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Ray Arvidson

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  1. Hi Ralph: The min and max stretch values for parameter maps are scene dependent. Just make sure that you do not set the minimum to less than zero because then the negative values would correspond to bumps and not absorption dips. I typically set values for min and max based on comparing the stretched parameter maps to what can be seen in the false color CRISM images and whatever CTX and HiRISE data one can find. Mapping contiguous pixels in the parameter maps that overlay areas that look like geomorphic or geologic units gives me some certainty that I am mapping some mineral parameter that makes sense. Random detections across the scene just mean that you are mapping noise. Remember for your crater you should be looking for rim and crater ejecta deposits that are windows beneath the regolith, sand, and dust covers. Small areas but pixels should map close to one another. Ray Arvidson
  2. Hi Ralph: I hope our Zoom session and discussion of how to process and interpret CRISM data was useful. Unfortunately, I forgot to check the button saying record this session. Anyway, if you have any other questions let me know by email or via the Forum. Best of luck with your master's degree research. Remember to think about where in the crater you might expect some underlying bedrock to be exposed. Ray
  3. HI: Talor: I am a CRISM Science Team Member and also the manager our our PDS Geosciences Node. I will look later today at your note and respond. In the meantime I would highly recommend starting to use the ENVI 5.5.3 interface and not the Classic mode. Many more functions and CAT7.4 works well with it. Ray Arvidson
  4. Hi Ralph: Looks like you got pretty far along. Are you using CAT7.4 installed on ENVI 5.5.3? Also, typically, S data for CRISM do not contain as much mineral information as L data. I would use CAT 7.4 and the atmospheric correction in CAT to remove L data gas bands, then generate 2014 IR parameter maps and examine those for the presence of minerals like olivine, pyroxene, sulfates, and clays. Let me know if you downloaded and installed CAT7.4 from our web site. Ray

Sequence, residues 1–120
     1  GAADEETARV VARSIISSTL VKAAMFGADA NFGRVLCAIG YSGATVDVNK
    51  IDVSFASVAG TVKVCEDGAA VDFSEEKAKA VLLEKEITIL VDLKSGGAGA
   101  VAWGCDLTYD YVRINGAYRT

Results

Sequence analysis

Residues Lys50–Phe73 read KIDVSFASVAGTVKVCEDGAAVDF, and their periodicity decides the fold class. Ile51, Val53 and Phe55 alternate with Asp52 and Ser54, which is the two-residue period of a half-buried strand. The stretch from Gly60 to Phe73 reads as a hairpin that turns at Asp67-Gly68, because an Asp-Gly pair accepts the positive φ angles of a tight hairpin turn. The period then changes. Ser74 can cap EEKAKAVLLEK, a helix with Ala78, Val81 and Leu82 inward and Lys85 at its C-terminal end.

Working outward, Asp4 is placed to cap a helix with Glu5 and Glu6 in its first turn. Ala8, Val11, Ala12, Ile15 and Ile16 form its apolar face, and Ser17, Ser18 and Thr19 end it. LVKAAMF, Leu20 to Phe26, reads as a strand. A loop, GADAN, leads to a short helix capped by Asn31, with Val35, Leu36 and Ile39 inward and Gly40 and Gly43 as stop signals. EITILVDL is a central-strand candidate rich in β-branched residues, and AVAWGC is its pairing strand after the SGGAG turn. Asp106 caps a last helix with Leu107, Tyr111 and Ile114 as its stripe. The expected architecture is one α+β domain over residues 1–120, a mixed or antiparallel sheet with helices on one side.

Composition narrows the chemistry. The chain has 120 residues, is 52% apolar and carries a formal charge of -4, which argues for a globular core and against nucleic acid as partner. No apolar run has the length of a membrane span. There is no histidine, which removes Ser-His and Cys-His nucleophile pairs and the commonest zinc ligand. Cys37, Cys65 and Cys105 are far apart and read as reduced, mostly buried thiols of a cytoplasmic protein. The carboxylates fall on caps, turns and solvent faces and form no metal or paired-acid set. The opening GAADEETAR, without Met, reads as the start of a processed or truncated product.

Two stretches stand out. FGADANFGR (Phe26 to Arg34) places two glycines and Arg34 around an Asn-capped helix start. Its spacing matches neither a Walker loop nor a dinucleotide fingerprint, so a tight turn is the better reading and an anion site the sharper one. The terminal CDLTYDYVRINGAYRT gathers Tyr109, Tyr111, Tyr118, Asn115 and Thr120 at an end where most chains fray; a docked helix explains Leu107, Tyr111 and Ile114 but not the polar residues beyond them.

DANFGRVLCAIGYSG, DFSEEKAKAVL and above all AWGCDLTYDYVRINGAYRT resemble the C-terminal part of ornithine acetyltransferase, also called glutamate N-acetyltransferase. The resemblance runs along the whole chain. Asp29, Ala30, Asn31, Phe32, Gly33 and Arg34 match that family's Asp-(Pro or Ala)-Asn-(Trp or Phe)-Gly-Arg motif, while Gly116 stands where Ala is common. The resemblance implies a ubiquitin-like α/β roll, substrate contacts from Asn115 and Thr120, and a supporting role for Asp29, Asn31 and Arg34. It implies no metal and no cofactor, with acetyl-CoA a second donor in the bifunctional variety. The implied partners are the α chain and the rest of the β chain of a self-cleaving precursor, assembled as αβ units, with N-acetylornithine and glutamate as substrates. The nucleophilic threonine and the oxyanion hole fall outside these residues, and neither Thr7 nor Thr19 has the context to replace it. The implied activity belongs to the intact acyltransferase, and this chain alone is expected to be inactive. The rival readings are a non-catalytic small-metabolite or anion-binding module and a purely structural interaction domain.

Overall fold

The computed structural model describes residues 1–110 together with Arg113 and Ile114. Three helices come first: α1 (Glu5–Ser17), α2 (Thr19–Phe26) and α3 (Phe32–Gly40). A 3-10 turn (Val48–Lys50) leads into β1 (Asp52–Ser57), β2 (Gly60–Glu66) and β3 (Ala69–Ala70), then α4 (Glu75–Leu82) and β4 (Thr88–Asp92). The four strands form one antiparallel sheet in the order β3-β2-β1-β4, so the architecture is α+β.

5. Hi Ralph: I would be glad to help you through CRISM processing, both as a CRISM Team Member and PDS Geosciences Node Manager. First what version of ENVI/IDL are you using? I suggest not using Classic but rather the new 5 series interface. I use version 5.5.3. Once we are set with ENVI then I can tutor you through the steps using a Zoom session, which I will record so you can play it back as needed. Waiting to hear from you. Ray Arvidson
  6. You need to find an area in the corrected spectral data cube that looks spectrally neutral and divide your spectrum of interest by the spectrum that looks spectrally neutral. No DDR involved. Ray
  7. Hi There: I am the manager of the PDS Geosciences Node and also a CRISM Science Team Member. The I/F data you are using come from the spectral radiance for each band and pixel location divided by the solar spectral irradiance divided by pi. The is a ratio of spectral radiances and the pi converts solar spectral irradiance to spectral radiance. The solar value used is specific for the heliocentric distance when the scene was acquired, i.e., Mars distance relative to he sun. Your I/F spectra, put through the volcano scan correction using CAT, look good. Here is what you are missing. The next step typically is to then divide the volcano scan corrected I/F spectra by a spectrum from the same corrected data for an area that looks like it is spectrally neutral. This removes any instrument artifacts and tends to de-emphasize the ubiquitous basaltic sands and regolith and thus emphasizes what might be unique in terms of mineral signatures for the area of interest. It kind is like in the lab when you use reflectance spectrometers you ratio your data relative to some standard surface. Remember there are no pure outcrops of given minerals on Mars, rather wind mixes things a lot. I hope this note helps. Please ask more questions if needed. Ray Arvidson